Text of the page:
New awards support outstanding postgraduate students

16 December 2013
david tong and Elise Verdonck

Two young legal practitioners have each received $15,000 awards to put towards their study for a Master of Laws (LLM) at the Auckland Law School.

It’s the first time the Auckland Faculty of Law has offered the awards to help academically outstanding domestic and international students pursue their postgraduate legal studies at the University of Auckland.

The recipients of the inaugural awards are Elise Verdonck from Belgium and David Tong from Auckland.

"We are very grateful for the generous support of alumni in New York and London who have made these awards possible" says Associate Dean Postgraduate Paul Myburgh.

"Both of the recipients of this year's awards have outstanding academic records and will make a valuable contribution to the intellectual life of the Law School."

Elise is a 23-year-old legal adviser from Belgium who has been admitted to the Law School for the first semester to study for an LLM in Environmental Law next year.

“This award is great news for me because it makes my overseas study possible,” she says. “In comparison with Belgium, the LLM is rather expensive and I was worried I may not be able to afford the costs.

“I’m fascinated by the environment and environmental regulations and I very much want to find out more about how things are done in New Zealand. I am grateful to the University and the people who have made my further study a reality.”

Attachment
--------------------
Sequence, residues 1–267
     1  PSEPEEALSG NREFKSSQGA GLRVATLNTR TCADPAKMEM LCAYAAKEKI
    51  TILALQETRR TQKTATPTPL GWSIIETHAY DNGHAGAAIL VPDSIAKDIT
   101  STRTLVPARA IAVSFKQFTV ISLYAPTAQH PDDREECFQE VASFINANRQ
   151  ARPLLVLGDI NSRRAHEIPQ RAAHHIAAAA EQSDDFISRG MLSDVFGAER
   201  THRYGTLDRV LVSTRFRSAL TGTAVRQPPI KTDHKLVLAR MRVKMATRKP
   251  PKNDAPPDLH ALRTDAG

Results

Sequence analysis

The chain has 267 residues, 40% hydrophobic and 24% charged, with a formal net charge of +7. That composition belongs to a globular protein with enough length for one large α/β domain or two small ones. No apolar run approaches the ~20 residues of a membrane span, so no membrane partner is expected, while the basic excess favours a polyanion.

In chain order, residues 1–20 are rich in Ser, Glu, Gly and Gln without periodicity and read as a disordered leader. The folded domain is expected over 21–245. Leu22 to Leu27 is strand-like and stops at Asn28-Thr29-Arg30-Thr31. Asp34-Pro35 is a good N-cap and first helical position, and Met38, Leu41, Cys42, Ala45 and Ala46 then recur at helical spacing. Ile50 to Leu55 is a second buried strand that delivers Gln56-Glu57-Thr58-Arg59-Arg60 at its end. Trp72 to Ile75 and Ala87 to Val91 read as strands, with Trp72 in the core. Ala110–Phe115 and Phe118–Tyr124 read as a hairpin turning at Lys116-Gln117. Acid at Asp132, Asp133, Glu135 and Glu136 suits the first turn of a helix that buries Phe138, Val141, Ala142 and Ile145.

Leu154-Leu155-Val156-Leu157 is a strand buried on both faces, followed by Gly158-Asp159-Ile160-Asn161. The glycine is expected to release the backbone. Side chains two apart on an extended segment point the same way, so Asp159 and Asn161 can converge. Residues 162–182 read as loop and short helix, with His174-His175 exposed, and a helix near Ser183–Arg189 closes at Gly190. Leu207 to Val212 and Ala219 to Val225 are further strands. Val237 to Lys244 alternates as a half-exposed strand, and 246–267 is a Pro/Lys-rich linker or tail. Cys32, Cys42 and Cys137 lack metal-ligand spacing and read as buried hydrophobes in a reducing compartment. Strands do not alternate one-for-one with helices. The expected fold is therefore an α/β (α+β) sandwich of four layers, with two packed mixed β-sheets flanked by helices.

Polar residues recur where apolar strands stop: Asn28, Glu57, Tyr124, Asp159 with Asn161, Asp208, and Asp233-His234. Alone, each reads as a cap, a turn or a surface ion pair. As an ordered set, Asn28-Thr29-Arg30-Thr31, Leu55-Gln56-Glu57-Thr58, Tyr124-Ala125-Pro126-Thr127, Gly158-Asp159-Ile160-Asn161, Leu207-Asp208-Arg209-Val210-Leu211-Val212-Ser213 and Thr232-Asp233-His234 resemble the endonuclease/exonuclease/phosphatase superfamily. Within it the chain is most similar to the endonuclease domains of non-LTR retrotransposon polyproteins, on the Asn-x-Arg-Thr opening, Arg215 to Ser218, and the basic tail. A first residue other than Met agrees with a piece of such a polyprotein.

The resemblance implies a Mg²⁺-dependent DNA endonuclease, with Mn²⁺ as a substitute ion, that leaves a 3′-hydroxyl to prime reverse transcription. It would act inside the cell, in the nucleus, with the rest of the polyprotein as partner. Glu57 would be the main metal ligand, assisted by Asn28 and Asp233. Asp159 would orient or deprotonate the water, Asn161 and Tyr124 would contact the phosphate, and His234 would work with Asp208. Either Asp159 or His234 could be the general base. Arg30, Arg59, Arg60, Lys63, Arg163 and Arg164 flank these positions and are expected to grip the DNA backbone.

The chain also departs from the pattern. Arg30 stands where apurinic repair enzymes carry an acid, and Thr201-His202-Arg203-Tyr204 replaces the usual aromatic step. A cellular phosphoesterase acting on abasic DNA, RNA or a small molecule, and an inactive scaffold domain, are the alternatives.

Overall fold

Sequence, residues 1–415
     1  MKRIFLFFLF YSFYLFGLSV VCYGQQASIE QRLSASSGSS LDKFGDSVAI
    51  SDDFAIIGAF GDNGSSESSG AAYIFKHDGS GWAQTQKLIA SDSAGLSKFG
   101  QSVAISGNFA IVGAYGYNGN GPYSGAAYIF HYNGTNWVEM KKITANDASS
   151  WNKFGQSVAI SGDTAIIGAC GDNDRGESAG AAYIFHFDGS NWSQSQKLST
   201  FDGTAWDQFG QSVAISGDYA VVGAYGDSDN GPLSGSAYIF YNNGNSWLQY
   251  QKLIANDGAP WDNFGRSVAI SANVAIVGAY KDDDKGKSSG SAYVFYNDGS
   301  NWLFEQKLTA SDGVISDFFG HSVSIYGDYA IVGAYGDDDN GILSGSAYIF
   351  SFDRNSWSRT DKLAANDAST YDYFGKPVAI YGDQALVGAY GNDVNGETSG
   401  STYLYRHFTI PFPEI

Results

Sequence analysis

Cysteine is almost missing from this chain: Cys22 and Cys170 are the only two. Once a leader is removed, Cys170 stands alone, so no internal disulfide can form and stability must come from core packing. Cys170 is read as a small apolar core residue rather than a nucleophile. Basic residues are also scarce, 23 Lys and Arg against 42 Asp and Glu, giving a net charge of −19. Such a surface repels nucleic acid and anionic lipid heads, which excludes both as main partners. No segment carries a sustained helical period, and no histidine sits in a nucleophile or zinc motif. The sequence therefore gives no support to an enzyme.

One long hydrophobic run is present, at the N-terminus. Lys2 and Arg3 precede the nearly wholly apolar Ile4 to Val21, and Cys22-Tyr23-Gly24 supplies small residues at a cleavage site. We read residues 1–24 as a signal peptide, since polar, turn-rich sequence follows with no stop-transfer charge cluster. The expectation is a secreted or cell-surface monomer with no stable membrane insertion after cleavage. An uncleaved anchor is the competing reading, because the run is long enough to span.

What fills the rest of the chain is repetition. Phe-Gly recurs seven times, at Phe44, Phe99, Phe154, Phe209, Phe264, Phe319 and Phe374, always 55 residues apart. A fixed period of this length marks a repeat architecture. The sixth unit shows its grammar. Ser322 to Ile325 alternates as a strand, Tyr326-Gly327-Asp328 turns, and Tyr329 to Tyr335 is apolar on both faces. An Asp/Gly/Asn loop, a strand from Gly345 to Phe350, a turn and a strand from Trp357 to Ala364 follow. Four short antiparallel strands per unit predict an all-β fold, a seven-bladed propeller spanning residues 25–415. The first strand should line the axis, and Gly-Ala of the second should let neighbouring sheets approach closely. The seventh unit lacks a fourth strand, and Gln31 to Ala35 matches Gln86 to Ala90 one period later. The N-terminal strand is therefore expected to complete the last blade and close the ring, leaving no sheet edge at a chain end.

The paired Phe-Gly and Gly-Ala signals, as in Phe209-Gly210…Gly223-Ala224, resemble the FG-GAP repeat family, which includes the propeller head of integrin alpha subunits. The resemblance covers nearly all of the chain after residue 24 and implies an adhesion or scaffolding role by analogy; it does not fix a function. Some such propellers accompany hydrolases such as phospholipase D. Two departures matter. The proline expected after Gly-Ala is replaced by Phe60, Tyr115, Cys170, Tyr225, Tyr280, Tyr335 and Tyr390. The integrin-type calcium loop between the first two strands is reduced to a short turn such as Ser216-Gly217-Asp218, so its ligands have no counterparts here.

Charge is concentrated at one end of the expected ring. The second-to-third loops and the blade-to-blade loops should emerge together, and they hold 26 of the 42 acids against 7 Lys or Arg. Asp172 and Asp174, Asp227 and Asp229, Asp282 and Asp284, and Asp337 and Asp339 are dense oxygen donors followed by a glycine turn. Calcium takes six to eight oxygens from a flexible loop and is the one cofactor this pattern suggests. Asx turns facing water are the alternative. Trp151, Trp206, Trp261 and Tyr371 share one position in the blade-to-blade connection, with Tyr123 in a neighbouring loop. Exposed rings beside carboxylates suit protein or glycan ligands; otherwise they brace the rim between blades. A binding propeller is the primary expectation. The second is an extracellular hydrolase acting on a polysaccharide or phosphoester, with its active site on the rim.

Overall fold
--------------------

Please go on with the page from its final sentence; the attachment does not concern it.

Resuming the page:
Elise has a Master of Laws in Economic and Tax Law and graduated with great Honours. She has studied one term abroad on an exchange programme at the University of Michigan Law School.

David Tong (28) is a former litigation solicitor now working as a consultant for New Zealand and other non-governmental organisations. He is currently in Europe after attending the Warsaw climate change conference as an Adopt a Negotiator Fellow.

He holds a conjoint Bachelor of Arts and Bachelor of Laws (with Honours), receiving a Senior Prize in Law and excelling in his double majors of Political Studies and Philosophy for his Arts degree.

He is undertaking a Master’s degree by minor thesis at the University of Auckland to deepen his understanding of international environmental law and human rights law.

“I am very pleased to receive this scholarship because it will help me to focus on producing an outstanding thesis,” he says. “It will let me delve deeper into the areas of law I find most fascinating, especially the international climate change regime.”

David’s legal work includes work as a litigation solicitor, judges’ clerk, tutor and researcher, and his career is notable for its emphasis on leadership and charitable activity and for its various prestigious academic awards.

He is a co-founder of the P3 Foundation, New Zealand’s leading youth charity for extreme poverty and development, and has held leadership roles within the Aotearoa New Zealand Human Rights Lawyers’ Association, Gifted Education Centre, and United Nations Youth Aotearoa New Zealand.